Hailed as one of the top fashion blog of all times, there is something about the photography on The Sartorialist that gives it an unparalleled status in the blogosphere. A main influence of (the man behind the blog) Scott Schuman’s is the early 20th century photographer August Sander.
August Sander’s extensive portrait collection People of the 20th Century documents his fellow men from 1910 to the pre-war era. This is a true cross-section of Sander’s Germany; his subjects ranging from diverse backgrounds and portrayed in different situations, their clothes often giving away their occupation.
There is a parallel that runs through Sander’s and Schuman’s photography. Both portray their contemporaries in a realist (albeit posed) and dignified manner. Their camera acts as a contemporary witness of a precise moment in time.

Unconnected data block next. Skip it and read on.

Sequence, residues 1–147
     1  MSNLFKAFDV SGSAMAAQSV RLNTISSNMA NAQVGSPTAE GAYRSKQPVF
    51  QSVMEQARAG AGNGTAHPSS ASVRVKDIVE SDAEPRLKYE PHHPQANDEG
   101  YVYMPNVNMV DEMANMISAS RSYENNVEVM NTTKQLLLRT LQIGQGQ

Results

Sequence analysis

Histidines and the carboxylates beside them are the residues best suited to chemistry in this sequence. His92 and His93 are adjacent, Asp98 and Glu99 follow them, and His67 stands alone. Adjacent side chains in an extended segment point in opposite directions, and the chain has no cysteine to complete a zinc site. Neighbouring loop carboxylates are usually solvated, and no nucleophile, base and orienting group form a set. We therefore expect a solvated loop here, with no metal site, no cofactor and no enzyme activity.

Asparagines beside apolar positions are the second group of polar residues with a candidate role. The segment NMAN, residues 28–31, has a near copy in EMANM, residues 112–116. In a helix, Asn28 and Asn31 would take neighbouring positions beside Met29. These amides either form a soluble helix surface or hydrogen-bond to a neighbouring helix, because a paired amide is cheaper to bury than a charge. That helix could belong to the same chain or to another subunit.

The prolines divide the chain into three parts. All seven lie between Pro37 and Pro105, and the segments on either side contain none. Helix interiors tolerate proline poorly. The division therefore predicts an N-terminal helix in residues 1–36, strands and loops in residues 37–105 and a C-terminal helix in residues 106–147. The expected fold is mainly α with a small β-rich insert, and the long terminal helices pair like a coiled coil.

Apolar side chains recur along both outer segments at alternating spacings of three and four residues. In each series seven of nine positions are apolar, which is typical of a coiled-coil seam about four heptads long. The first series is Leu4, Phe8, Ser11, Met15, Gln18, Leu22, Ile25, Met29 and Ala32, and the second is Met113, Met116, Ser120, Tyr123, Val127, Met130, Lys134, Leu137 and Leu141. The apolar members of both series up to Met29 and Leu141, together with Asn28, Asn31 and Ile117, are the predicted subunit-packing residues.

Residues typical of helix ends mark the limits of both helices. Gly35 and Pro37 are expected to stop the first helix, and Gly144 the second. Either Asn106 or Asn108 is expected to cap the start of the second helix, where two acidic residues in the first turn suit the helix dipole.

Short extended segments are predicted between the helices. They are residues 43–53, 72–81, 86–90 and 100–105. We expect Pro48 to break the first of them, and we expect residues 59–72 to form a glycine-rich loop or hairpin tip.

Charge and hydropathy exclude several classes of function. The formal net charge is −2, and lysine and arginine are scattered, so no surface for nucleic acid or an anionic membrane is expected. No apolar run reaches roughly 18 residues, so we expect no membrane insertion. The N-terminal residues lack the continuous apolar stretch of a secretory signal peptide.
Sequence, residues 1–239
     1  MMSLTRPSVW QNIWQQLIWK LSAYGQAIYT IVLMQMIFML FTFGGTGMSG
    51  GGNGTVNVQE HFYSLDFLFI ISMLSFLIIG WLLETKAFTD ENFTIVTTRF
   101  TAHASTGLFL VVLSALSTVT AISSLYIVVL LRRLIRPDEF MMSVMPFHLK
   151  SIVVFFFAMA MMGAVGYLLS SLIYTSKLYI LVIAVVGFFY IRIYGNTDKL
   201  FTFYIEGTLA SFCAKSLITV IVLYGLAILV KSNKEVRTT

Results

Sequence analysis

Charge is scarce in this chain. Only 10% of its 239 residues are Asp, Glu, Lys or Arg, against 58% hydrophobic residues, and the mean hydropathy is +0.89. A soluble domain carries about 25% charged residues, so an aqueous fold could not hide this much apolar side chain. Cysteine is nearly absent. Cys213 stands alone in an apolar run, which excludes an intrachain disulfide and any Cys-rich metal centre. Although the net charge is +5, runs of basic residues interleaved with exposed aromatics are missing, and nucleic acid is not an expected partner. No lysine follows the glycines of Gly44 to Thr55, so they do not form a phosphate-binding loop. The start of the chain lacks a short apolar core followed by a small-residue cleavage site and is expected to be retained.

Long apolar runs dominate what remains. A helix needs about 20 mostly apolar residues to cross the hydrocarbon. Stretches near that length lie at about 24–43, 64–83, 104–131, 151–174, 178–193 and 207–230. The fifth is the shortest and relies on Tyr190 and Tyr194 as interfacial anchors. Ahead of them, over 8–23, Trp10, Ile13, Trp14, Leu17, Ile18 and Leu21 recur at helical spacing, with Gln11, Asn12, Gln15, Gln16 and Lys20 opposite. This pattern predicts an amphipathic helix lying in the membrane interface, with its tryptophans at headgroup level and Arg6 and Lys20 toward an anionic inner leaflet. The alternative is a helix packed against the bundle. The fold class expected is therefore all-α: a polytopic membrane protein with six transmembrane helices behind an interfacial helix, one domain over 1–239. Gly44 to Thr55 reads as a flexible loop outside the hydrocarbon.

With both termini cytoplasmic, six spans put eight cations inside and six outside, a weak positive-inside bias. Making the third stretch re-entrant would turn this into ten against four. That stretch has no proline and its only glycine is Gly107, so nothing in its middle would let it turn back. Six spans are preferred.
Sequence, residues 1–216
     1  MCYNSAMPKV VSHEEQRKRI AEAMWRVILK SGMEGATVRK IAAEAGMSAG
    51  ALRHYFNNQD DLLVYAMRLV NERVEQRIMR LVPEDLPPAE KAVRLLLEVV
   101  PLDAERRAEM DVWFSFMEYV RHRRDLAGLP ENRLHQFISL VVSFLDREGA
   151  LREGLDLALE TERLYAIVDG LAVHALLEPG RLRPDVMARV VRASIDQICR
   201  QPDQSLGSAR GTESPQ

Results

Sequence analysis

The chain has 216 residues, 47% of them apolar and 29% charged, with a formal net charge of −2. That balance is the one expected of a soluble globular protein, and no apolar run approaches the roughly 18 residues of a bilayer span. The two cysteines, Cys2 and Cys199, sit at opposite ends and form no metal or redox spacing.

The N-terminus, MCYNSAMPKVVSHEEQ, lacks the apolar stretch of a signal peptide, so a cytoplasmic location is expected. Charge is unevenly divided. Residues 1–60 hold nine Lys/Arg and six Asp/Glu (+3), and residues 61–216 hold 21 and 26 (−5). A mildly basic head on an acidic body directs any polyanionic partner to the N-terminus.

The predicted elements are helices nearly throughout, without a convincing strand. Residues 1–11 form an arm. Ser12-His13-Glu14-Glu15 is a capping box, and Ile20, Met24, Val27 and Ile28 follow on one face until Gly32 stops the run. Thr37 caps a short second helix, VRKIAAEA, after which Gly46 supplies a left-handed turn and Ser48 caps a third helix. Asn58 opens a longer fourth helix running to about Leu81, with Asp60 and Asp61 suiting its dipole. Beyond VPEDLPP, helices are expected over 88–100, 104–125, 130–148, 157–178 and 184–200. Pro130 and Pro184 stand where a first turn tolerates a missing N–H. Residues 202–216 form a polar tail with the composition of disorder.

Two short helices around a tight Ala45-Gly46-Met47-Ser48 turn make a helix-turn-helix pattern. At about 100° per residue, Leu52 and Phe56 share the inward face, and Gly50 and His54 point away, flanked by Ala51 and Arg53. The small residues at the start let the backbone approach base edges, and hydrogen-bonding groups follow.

Rather than portraying the latest fashion, the styles portrayed on The Sartorialist have a clear emphasis on personal style that gives the photographs a more ‘timeless’ quality. Will these pictures one day in the future serve as a visual record of the moment in time they had been taken? Might fashion blogs one day be an anthropological point of reference?
Fashion and dressmaking genius Yohji Yamamoto also counts Sander’s work as an influence that he keeps referring back to when designing his collections. Just like Yamamoto is looking at ‘street style’ photography from the early 20th century, fashion designers are using street style blogs as a resourceful archive for inspiration, that allows them to carry out extensive research into who wears what, where and how; what trends are coming back and which are the ones that stick.